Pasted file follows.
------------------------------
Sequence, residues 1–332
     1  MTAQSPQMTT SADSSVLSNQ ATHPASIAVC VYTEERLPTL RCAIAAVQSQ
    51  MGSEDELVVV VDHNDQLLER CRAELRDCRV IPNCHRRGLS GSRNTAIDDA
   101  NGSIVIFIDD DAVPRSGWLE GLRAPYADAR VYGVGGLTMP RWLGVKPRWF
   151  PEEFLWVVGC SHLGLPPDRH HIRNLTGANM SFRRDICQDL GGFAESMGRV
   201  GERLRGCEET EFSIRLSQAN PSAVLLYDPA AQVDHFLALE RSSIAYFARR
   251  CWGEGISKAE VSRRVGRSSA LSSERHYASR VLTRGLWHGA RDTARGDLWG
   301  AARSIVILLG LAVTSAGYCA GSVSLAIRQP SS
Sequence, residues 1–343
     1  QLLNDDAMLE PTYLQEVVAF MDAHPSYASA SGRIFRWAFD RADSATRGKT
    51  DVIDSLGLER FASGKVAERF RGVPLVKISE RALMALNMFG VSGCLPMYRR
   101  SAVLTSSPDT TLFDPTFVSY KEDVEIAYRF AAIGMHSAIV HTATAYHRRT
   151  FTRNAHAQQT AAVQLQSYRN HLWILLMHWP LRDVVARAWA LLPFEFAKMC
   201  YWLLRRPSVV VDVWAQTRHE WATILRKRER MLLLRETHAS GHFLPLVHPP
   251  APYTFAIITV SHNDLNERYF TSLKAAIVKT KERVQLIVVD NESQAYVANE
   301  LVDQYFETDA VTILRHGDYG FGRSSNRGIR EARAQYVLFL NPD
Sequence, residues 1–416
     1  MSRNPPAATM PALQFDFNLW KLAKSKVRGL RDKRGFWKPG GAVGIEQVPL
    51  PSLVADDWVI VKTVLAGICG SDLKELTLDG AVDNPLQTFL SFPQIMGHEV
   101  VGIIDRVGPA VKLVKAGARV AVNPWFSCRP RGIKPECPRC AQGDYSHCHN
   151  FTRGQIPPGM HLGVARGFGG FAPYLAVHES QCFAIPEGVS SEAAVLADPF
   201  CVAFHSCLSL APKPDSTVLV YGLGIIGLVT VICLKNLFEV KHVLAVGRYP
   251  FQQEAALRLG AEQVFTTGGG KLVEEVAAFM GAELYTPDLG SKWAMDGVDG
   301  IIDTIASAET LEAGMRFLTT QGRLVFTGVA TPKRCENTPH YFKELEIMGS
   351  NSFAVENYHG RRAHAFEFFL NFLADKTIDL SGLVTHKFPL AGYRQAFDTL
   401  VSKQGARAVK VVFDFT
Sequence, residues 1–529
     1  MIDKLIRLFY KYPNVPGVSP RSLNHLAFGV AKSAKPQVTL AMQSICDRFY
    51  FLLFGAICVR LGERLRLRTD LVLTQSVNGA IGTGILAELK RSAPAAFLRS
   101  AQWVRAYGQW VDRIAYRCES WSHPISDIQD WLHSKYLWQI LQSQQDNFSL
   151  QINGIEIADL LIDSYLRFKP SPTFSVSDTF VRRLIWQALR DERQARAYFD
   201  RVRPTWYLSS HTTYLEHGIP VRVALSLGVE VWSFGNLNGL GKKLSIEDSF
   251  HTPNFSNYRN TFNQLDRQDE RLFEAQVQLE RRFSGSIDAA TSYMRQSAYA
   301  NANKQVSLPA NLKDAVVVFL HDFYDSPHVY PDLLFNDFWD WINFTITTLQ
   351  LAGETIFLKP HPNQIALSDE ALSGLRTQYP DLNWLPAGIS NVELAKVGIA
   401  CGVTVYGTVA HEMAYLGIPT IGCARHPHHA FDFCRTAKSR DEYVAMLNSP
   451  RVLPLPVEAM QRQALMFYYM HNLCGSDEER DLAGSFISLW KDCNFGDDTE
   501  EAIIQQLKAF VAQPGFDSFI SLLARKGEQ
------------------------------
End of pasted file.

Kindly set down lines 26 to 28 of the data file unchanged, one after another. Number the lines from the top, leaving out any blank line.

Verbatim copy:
   401  VSKQGARAVK VVFDFT
Sequence, residues 1–529
     1  MIDKLIRLFY KYPNVPGVSP RSLNHLAFGV AKSAKPQVTL AMQSICDRFY